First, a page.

Family, friends remember Sgt. James Johnston
By BRITTANY FHOLER
While others across the country wore red, white and blue on Thursday, friends, family and neighbors gathered in their Hawaiian shirts at the Johnston home in Copperas Cove to honor and celebrate the life of Sgt. James Gregory Johnston on the birthday of the country he died defending.
Johnston and Master Sgt. Michael B. Riley died June 25 in Urzugan Province, Afghanistan from wounds sustained from small arms fire while engaged in combat operations, according to a press release from Fort Hood.
Johnston, 24, whose home of record is listed as Trumansburg, New York, was assigned to 79th Ordnance Battalion (Explosive Ordnance Disposal), 71st Ordnance Group at Fort Hood. Johnston had moved to Copperas Cove in February, a week before deploying in support of Operation Freedom’s Sentinel.
Johnston entered active-duty military service in July 2013 as an Explosive Ordnance Disposal specialist. According to his wife, Krista, he joined immediately after graduating high school and had wanted to join for as long as he had been able to talk.
James and Krista had found out they were expecting a baby the day before he deployed. Krista said this was the first time in their seven years of being together that she had seen him cry. Krista announced on Facebook to friends and family that their daughter will be named Jamie Avery-Grace Johnston to honor her father. Krista shared that they were able to find out that they were having a girl before the unthinkable happened and that Johnston was even more excited.
“He would have made the best father in the world,” Krista said.
On Thursday, Independence Day, the Johnston home was packed with friends, family members, neighbors and friends of friends, each wearing a Hawaiian shirt at the request of Johnston’s family. In a Facebook post, Krista shared a request for people to wear Hawaiian shirts on the Fourth as a nod to Johnston and to include the hashtags #hawaiianshirtsforjj, #hawaiiansforjames, #hawaiianshirtsforjames.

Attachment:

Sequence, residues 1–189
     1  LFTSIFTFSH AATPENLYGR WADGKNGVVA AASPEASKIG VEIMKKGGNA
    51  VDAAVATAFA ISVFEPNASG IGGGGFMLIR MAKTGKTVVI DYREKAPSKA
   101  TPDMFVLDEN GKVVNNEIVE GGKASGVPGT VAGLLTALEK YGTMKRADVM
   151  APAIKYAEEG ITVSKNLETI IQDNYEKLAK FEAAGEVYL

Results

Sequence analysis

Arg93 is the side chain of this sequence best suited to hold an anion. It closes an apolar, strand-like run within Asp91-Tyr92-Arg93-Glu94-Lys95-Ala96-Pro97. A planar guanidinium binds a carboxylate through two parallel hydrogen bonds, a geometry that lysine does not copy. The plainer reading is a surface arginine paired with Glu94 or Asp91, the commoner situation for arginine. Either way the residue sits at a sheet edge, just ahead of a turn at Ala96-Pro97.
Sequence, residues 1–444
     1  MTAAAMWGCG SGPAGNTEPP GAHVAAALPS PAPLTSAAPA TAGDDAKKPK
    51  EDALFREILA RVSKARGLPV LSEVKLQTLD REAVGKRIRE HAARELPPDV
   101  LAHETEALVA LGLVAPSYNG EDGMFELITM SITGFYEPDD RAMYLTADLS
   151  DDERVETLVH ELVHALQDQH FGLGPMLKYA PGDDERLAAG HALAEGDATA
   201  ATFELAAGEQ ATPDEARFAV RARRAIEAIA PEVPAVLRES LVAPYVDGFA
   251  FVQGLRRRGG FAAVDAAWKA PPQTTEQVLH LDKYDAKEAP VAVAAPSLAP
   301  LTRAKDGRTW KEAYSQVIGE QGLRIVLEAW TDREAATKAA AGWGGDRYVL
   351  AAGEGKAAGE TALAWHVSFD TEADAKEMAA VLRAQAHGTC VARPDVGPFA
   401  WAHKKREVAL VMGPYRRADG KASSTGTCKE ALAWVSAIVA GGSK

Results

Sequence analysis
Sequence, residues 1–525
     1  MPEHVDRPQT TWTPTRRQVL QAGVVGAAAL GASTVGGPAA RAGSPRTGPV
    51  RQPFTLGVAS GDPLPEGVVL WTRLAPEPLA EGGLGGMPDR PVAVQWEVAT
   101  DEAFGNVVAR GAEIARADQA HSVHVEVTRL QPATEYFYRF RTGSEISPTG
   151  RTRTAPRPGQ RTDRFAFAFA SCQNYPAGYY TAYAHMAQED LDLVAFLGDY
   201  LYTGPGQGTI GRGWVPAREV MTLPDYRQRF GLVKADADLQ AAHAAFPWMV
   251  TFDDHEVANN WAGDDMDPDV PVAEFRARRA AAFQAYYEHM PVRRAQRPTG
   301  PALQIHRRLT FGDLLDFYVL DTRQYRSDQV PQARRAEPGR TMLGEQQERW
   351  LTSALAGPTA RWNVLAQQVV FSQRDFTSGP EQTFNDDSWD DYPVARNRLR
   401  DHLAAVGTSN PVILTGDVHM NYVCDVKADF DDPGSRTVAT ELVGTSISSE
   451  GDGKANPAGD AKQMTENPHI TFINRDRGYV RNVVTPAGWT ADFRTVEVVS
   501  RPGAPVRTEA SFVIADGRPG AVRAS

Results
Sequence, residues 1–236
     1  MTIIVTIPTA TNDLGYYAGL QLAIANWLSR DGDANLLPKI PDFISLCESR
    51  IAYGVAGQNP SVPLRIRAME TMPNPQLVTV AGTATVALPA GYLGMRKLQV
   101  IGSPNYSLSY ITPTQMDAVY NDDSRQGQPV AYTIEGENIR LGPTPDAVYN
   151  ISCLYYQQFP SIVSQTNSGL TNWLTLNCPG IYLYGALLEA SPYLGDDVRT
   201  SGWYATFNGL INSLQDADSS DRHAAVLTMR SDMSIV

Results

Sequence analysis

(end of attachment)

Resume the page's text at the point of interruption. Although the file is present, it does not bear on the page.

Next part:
Since the initial request, social media has blown up with people from all over the world- civilians and military servicemembers- wearing their Hawaiian shirts for Johnston.
“My husband was the most fun-loving, outgoing, charismatic, sarcastic guy you’d ever meet. He was the life of the party and always knew how to make you feel better,” Krista said. “He was dedicated and driven and anything he put his mind to, he was able to accomplish. He would study and/or practice until it became second nature to him, and then he would happily share his knowledge with anyone that wanted to listen.”
Johnston started his tradition of wearing Hawaiian shirts on Fridays about a year ago as a joke but continued as people started joining him and recognizing him as the guy who always wore Hawaiian shirts, Krista said.
“The shirts were always bright, bold patterns that matched his personality perfectly,” she added.
She said she never expected the resulting show of support when she first made the post asking everyone to wear their Hawaiian shirts.
“The outpouring of love and support from absolutely everyone, even those who didn’t know Jamie, are remembering him in a way that will forever make us all smile,” she said. “I just wish everyone could have known him the way I did, and they would know exactly how much all of this truly means to me. It’s been the only thing getting me through this.”
In the days following Johnston’s death, several fundraisers were set up to help the family.
One GoFundMe, started by Ana Gabriela Vigil Rendon, reached its goal of $1,000 to cover the cost of travel to Texas for her boyfriend, who is mentioned as a close friend, with any remaining funds to be donated to Krista.
Another GoFundMe, titled the Baby Registry Fund for Our Lost EOD Brother at https://www.gofundme.com/baby-registry-fund-for-our-lost-eod-brother, started by Tessa Bradshaw in Fort Riley, Kansas, has raised $23,700 of its $85,000 goal to cover the Johnston’s baby registry as well as provide extra funds for diapers and meals and start a college fund for Jamie.